A video released this week shows Dorchester County deputies fatally shooting Shamir Palmer in August shortly after the 24-year-old got out of his SUV during a pursuit.
The deputies said Palmer, who had fired a shot from his SUV earlier in the chase, pointed a gun at them before they opened fire. It’s unclear from the footage whether the Ridgeville man is holding a weapon when he was shot several times.
The State Law Enforcement Division released the footage Wednesday in response to a S.C. Freedom of Information Act request from The Post and Courier. The Dorchester County Sheriff’s Office had refused to provide the footage.
First Circuit Solicitor David Pascoe announced Sept. 9 that the deputies’ deadly force was justified and that he wouldn’t pursue charges. A gun was found at the scene, Pascoe noted in a letter.
After seeing the footage, local activists raised doubt that Palmer was holding the gun when he was shot. James Johnson, South Carolina president for the National Action Network, also criticized Coroner Chris Nisbet’s ruling that Palmer’s death was a suicide. Fatal shootings, even in self-defense, are homicides, but Nisbet, who was suspended from office Thursday because of an unrelated incident, said Palmer had created the conditions leading to his death so it was a suicide.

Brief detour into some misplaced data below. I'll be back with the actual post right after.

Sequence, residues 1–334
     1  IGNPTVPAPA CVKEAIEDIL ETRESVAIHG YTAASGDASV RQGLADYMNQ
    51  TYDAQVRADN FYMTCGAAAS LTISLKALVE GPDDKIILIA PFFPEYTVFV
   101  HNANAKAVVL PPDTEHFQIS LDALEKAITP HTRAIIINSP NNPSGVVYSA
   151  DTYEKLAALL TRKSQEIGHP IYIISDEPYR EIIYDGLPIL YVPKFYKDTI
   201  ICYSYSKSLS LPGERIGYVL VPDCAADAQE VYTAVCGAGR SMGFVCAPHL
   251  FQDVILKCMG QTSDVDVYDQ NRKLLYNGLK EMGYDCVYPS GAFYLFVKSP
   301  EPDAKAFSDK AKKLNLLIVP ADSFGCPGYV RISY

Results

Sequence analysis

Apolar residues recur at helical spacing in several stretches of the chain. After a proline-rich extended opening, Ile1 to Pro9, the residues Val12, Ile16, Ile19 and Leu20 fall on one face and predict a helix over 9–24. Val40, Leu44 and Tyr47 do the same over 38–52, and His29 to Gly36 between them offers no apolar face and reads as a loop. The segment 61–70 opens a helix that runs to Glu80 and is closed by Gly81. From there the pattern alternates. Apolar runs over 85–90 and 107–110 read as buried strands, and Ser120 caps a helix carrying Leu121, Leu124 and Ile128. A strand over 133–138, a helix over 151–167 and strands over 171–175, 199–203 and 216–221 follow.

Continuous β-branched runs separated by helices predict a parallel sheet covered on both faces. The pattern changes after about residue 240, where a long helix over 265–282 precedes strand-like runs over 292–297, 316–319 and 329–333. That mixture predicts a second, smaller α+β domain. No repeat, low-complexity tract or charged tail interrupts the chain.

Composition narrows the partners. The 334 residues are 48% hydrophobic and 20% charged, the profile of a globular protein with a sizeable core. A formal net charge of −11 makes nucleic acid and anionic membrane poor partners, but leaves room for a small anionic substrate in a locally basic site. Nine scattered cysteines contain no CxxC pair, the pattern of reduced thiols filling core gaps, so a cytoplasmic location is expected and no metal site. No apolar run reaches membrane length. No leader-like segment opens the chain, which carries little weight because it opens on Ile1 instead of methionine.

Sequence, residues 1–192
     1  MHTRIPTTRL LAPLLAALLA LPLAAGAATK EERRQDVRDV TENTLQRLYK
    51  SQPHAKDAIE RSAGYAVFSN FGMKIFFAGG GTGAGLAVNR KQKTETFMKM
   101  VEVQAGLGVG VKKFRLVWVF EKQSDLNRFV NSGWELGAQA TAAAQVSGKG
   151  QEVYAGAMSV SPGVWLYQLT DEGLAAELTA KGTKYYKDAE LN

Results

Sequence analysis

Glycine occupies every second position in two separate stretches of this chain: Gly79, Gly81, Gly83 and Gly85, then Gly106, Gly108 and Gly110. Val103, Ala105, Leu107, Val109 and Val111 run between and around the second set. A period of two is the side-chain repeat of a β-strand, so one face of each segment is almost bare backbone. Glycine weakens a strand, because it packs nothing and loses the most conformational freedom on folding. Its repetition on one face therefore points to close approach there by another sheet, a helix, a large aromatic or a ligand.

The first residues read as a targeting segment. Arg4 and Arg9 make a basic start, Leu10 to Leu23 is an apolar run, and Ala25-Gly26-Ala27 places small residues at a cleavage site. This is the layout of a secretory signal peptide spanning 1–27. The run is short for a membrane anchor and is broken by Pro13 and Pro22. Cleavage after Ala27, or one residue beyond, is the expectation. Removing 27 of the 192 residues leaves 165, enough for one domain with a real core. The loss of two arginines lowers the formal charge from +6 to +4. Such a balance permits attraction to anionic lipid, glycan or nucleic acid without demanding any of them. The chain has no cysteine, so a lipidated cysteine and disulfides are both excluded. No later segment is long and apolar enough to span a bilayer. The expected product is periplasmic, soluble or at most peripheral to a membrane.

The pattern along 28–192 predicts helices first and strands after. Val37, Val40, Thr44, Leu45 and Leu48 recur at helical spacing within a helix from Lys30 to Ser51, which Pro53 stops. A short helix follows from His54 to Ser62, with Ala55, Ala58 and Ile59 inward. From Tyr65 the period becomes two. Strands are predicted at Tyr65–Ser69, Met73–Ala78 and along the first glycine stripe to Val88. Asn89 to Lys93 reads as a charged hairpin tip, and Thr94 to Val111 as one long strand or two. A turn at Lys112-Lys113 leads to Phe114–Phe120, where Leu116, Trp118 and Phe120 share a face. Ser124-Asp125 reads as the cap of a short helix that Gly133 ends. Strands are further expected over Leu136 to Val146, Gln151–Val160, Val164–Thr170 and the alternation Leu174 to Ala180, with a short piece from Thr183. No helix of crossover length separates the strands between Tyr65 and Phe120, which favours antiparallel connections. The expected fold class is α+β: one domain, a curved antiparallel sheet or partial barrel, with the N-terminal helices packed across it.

“They might have found a gun in the car,” Johnson said, “but Mr. Palmer was getting out of the car to surrender.”
On Aug. 8, a state trooper first tried to stop Palmer, a Ridgeville resident, for a traffic violation southwest of Summerville. During the ensuing chase, the driver of the green SUV fired a shot from his window. The trooper’s car was not hit.
Several deputies soon got involved in the chase. Palmer’s SUV crashed into some trees and eventually became disabled on Schultz Lake Road.
One deputy’s in-car video camera offered the best view of the fatal confrontation. It showed the SUV bounding through a clearing in some trees and hitting a paved road. The deputies approached with their guns drawn.
“Be careful,” one said.
Palmer threw open his door and stepped out.
Bathed in light from the patrol cruisers’ headlights, the area of the video where Palmer stood is overexposed. What might be in his hands isn’t visible.
The deputies barked commands. They fired, and Palmer retreated into the SUV.
The officers dragged out his limp body.
“Where’s the gun?” a deputy said. “Where’d the gun go?”
Soon, a deputy threw a card at another, who used it to mark something on the ground.
“That’s it,” one of the deputies said.
More than fives minutes later, the deputies started doing CPR on Palmer, who died at the scene.
In a separate video, two passengers who had hitched a ride with Palmer talked about bailing out minutes before the shooting.
“I’m glad he let us ... out of that car,” one said.
Reach Andrew Knapp at (843) 937-5414 or twitter.com/offlede.